Thomas Heath is away, but we still found some items worth passing on.

One more hotel — this time, for pollinator bees — is coming to Washington early next year. The Fairmont Washington, D.C., already home to more than 100,000 Italian honeybees and three hives, is adding a bee hotel to its rooftop.

The structure, a collection of wood, twigs, fallen branches and soil-filled holes, is designed to attract and house solitary bees, hotel officials said. The pollinator hotel will offer a safe place for the bees — which have long been battling habitat destruction — to breed and lay eggs away from predators. Executive Chef Mark Timms will double as the hotel’s chief beekeeper.

“The addition of a pollinator bee hotel will be a tremendous asset to the cross-pollination of the flowers and trees in the courtyard,” Mark S. Andrew, the Fairmont’s general manager, said in a statement.

The hotel is displaying a “pop-up” pollinator bee hotel in its lobby beginning Monday, and serving BeeTinis and other honey- and pollen-filled fare at its restaurant. A portion of the proceeds from the menu will support the District of Columbia Public Schools’ Junior Beekeepers.

— Abha Bhattarai

A tangled web

A more detailed picture of the web of companies affected by Truland Group — the Reston-based electrical contractor that shut down and filed for Chapter 7 bankruptcy in July — has begun to emerge.

In addition to the dozens of construction companies that were using Truland to do electrical work for projects around the country, some of the creditors of the Truland estate last week filed documents with the court detailing the debt owed to them.

Several are electrical services companies that provided labor, materials or rental equipment to Truland: Capital Lighting & Supply, owed $1.14 million; Graybar Electric Co.; Maurice Electrical Supply Co., owed $1.19 million; Shepherd Electric Supply, $1.59 million; and United Rentals , owed $215,623, according to documents filed by an attorney for the companies in U.S. Bankruptcy Court for the Eastern District of Virginia.

The court is slated to hold a hearing Tuesday to decide when Truland must submit its statement of financial affairs. The estate was previously supposed to submit the information to the court by Aug. 13, but asked for an extension to Sept. 29.

— Catherine Ho

Speaking up

An outspoken minority press is “needed now more than ever before,” Radio One founder Cathy Hughes said during a recent live interview at the Newseum, even as sluggish advertising revenue and hard-to-secure financing make it difficult for those media outlets to thrive.

“It’s the responsibility of each community to tell their story in their own words from their perspective,” Hughes said Aug. 9 during the appearance that was held in conjunction with the press museum’s “One Nation With News for All” exhibit, which chronicles the ways immigrant and minority media have advanced their respective communities. She was also interviewed on “Inside Media” by host Frank Bond.

Hughes is as much an entrepreneur as a media pioneer. She began her career as a young, single mother working for Howard University’s radio station, WHUR. She went on to found her media empire, now known as Radio One, in Washington with the purchase of station WOL in 1980.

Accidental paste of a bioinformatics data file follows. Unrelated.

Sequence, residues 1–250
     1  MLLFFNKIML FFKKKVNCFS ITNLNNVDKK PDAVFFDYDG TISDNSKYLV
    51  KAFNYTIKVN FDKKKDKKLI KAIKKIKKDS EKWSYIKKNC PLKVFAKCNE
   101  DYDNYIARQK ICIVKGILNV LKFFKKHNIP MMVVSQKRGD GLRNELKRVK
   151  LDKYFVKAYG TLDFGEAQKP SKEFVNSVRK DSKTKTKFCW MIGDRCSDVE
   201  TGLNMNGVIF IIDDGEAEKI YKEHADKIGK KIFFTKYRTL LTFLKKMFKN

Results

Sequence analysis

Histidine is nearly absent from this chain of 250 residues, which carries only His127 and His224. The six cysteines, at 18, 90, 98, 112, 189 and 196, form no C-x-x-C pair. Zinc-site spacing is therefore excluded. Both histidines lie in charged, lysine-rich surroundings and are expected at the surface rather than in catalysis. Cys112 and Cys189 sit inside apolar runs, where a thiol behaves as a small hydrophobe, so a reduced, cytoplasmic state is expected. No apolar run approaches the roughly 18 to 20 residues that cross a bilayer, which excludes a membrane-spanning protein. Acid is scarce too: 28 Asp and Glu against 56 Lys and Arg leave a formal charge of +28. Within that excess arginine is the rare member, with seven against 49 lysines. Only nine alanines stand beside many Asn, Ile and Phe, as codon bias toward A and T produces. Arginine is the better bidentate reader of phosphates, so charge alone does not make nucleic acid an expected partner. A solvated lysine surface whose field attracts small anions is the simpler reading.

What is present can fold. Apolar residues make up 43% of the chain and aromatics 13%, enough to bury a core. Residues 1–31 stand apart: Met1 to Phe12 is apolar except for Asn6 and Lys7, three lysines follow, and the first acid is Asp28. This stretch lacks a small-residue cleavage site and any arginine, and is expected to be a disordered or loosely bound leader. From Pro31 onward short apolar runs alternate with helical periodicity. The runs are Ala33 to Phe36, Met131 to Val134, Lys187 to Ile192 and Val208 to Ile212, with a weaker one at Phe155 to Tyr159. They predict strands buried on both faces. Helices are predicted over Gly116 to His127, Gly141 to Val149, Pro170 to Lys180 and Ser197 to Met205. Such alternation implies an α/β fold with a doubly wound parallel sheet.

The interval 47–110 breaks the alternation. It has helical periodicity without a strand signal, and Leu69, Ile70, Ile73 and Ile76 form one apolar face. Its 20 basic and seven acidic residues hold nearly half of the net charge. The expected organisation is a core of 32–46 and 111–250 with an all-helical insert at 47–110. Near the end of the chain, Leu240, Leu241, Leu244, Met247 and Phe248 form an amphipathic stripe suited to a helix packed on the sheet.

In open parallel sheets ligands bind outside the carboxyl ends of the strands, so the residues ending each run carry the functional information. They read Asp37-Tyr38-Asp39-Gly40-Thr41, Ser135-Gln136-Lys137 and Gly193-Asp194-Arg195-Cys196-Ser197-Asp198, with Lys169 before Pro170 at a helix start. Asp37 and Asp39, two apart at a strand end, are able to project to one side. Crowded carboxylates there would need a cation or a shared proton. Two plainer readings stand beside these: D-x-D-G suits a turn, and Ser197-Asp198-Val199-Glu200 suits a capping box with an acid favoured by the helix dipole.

“I don’t think that it’s possible for any African American, let alone an African American woman, to get one station financed the way I did,” Hughes said. “That’s not possible anymore. You have to have multiple stations that you’re trying to get financed.”

She shifted the station from an all-music format to include programs that examined politics, culture and other current events from an African American perspective.

As the Rev. Al Sharpton, a civil rights advocate and media personality, said during a video introducing Hughes: “She took the mute button off of black America.”

— Steven Overly

A vote for Rosslyn

Politico is staying in Rosslyn.

The political news publisher signed a long-term lease for office space in the Rosslyn office buildings sometimes referred to as Arlington’s “twin towers,” the buildings’ owner, Monday Properties, announced last week.

The lease is for 72,000 square feet at 1000 Wilson Boulevard, next door to the building where Politico is currently headquartered. The new space will include amenities aimed at accommodating the news organization, Tim Helmig, president and chief operating officer for Monday, said.

“Monday Properties will provide Politico with the capabilities to operate in a 24/7 environment,” Helmig said in a statement. “We will provide a unique parking solution, a private outdoor terrace, back-up generator location, over 55,000 square feet of on-site retail amenities and unparalleled media-specific facilities. Moreover, the company is growing by leaps and bounds, and we can accommodate Politico’s expansion needs well into the future.”

Although Politico’s decision to remain in Rosslyn was widely expected, the company and its parent, Capitol News Co., were aggressively courted by other landlords, another sign of the region’s flat office environment.

Politico’s move is expected in the spring of 2015.

— Jonathan O’Connell